1 3600 NO-FAULT COMPENSATION SYSTEMS R. Ian McEwin Case Associates, Sydney, Australia Copyright R. Ian McEwin Abstract No-fault compensation systems are designed to overcome alleged deficiencies in the tort system as a means of compensation. Tort proponents argue that the tort system provides important safety incentives but this is generally discounted by no-fault advocates. This chapter surveys the no-fault compensation literature and concludes that the main focus has been the adequacy of the tort system as a system of compensation and deterrence. The law and economics literature has not shown much concern with efficient no-fault design. JEL classification: K13 Keywords: No-Fault, Tort, Liability, Insurance 1. Introduction No-fault insurance has been increasingly seen by many as a preferred alternative to the tort system. This view is driven, mainly, by perceived deficiencies in the tort system itself, rising liability insurance premiums and a belief that accident victims are not adequately compensated. During the 1960s and 1970s the main concern was automobile accidents. During that time many automobile no-fault schemes were introduced in the United States, Canada and Australia. In 1974, New Zealand introduced a no-fault scheme that covered all accidents. During the 1980s no-fault schemes were proposed covering product and medical malpractice accidents. No-fault insurance commonly refers to changes in liability rules and compulsory insurance arrangements such that accident victims need not prove fault to receive compensation. Victims are made to buy self-insurance or tortfeasors are made strictly liable and forced to buy liability insurance, or some combination. For example, automobile no-fault schemes typically cover the driver-owner (self-insurance) as well as other drivers of the vehicle, passengers and any pedestrians injured by the vehicle (compulsory strict vehicle liability insurance). Product liability no-fault schemes involve imposing some form of strict liability on producers coupled with compulsory liability insurance (self-insurance may be permitted). But strict liability may be in name only - as Posner (1975, p. 471) puts it: 735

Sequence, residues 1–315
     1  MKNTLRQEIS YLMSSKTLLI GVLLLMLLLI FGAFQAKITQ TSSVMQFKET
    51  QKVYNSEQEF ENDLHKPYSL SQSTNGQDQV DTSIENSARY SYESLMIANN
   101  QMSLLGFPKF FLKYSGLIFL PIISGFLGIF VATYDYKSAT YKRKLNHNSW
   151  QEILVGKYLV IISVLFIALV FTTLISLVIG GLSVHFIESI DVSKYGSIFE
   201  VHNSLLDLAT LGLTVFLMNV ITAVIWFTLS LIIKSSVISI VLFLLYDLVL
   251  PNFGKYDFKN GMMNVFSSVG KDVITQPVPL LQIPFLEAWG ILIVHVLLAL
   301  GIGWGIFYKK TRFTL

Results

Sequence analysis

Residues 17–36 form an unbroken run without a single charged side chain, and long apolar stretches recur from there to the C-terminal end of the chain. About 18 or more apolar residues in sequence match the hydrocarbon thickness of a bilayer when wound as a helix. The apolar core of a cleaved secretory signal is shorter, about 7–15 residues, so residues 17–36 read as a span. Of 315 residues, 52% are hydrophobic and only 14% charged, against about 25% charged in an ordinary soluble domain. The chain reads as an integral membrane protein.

2 736 No-Fault Compensation Systems 3600 Although we speak of strict liability for product accidents, the term is a misnomer. Liability is restricted to defective products and the determination whether a product is defective resembles the usual negligence determination. There are many variants of no-fault compensation schemes with varying degrees of residual tort liability and various types of insurance or non-insurance compensation. Germany and Austria introduced workplace no-fault schemes in the early 1880s, which involved compulsory industry insurance schemes. In England the Workmen s Compensation Act was enacted in 1897, purportedly based on the workers compensation scheme introduced by Bismarck in Germany. However, the English legislation simply increased employers common law liability and made no provision for compulsory employer liability insurance. Yet the Act was widely regarded in England as one of the most important pieces of legislation in the nineteenth century and later termed, despite the absence of insurance, the pioneer system of social security (Beveridge, 1942, p. 41). With the exception of automobile accidents there are striking similarities in the way industrialized countries treat accident victims. Chapman and Trebilcock (1992, pp ) point out that: in most parts of the industrialized world, from the turn of the century onwards, the tort system has been largely displaced with respect to workplace injuries by no-fault workers compensation schemes. On the other hand with respect to injuries or disabilities resulting from medical malpractice or product use, the tort system remains the primary compensatory vehicle for most victims with respect to auto-related accidents a very different picture emerges from about 1970 onwards massive diversity in policy choices has emerged. Compensation became the focus of tort scholarship in the late 1960s after Keeton and O Connell (1965) proposed an automobile no-fault scheme. Undoubtedly this reflected as Schwartz (1985, p. 548) put it: the revolution in social policy perception and evaluation that characterized the 1960s and early 1970s the principle of broad social responsibility upon which the new evaluations rested made a tort style of reasoning seem excessively individualistic and moralistic. Tort law critics argue that accident law does not effectively deter accidents nor adequately compensate victims. Accident law does not deter, it is argued, because any deterrent effect is swamped by imperfect insurance that does not properly penalize careless or unsafe behavior - see Fleming (1967, p. 823) and Atiyah (1980, Ch. 24). Instead, deterrence is better achieved by safety regulation. No-fault schemes re-allocate costs away from lawyers to accident